The European Union (EU) is to spend an unprecedented €3.5 billion between 2014-2020 on improving nutrition in some of the world's poorest countries, Development Commissioner, Andris Piebalgs, is expected to pledge tomorrow.
Speaking ahead of a donors' event on nutrition to take place in London on June 8, Development Commissioner, Andris Piebalgs, said: "I find it incomprehensible that in an era of technological revolution, some 870 million people are still going hungry and malnutrition is responsible for over 3 million child deaths annually. We have the means to stop this tragedy. What is lacking is the political will and determination to do so. That's why I am so pleased that so many people will take part in the event tomorrow; it shows that donors are giving nutrition the importance it deserves. Our new financial pledge will demonstrate that the EU is determined to make malnutrition history for once and for all."
This vital issue is high on the EU's long-term development cooperation agenda. Inadequate food and nutrition security takes an enormous toll on economies and damages the livelihoods and economic capabilities of already vulnerable populations. However, the EU recognises that 'hidden hunger', or under-nutrition, has not always been adequately addressed. To tackle this, EU has stepped up to the forefront of global efforts to eradicate hunger and under-nutrition in the world. Over the next ten years the EU intends to support some 50 countries, including 40 in Africa, to improve food security and reducing stunting.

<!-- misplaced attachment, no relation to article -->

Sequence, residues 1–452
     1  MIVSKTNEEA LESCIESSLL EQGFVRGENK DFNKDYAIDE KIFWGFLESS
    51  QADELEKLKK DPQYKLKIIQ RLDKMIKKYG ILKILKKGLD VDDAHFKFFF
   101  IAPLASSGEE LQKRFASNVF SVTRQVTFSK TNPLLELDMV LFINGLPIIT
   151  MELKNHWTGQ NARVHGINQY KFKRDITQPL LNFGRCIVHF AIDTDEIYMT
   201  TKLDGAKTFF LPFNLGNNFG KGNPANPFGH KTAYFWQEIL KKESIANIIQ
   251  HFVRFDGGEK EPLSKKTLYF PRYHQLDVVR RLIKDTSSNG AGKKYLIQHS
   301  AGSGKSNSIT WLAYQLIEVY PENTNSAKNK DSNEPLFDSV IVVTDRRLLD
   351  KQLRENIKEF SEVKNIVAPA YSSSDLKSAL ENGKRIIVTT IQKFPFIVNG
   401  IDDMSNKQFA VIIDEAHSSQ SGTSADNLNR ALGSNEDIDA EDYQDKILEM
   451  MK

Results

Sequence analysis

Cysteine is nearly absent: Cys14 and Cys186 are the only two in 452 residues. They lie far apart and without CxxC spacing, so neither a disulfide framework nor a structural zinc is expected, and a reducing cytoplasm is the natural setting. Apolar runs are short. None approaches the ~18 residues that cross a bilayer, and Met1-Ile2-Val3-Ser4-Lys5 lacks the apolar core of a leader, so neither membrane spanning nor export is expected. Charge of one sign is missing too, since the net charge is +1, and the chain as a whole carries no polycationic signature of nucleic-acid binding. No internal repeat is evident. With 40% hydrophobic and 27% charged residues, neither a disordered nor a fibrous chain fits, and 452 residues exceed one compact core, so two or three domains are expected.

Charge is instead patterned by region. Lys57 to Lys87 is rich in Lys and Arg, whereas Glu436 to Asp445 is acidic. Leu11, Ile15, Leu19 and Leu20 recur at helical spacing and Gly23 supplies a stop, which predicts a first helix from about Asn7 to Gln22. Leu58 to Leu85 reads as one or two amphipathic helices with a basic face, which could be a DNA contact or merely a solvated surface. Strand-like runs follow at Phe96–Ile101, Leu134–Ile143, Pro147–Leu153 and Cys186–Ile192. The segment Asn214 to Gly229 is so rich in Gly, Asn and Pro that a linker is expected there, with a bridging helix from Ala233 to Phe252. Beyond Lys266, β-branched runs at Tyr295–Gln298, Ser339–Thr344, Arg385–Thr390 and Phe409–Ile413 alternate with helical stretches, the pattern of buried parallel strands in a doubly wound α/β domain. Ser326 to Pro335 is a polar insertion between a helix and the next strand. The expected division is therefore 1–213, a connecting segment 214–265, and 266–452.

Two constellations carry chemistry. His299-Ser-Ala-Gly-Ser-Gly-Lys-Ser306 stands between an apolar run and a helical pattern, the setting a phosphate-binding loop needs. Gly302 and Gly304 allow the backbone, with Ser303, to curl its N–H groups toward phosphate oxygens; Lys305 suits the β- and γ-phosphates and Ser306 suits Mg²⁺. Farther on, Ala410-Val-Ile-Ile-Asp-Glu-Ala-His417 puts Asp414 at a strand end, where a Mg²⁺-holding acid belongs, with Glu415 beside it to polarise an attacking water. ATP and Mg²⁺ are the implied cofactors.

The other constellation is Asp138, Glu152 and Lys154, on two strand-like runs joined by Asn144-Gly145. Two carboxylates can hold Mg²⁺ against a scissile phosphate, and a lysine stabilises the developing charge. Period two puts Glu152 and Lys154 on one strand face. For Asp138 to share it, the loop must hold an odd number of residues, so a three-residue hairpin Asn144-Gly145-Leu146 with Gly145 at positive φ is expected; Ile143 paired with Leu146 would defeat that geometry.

This financial commitment will allow the Commission to reach the 2025 target announced last year: using EU-funded programmes to support partner countries in reducing, by seven million, the number of stunted children under 5 by 2025. Stunted children are those who are chronically underweight or small for their age due to a lack of access to healthcare and nutritious food. Stunting prevents these children from reaching their full mental and physical development and thus hampers their future. This commitment would help to meet 10 per cent of the World Health Assembly stunting reduction target (70 million less stunted five-years-old children by 2025).
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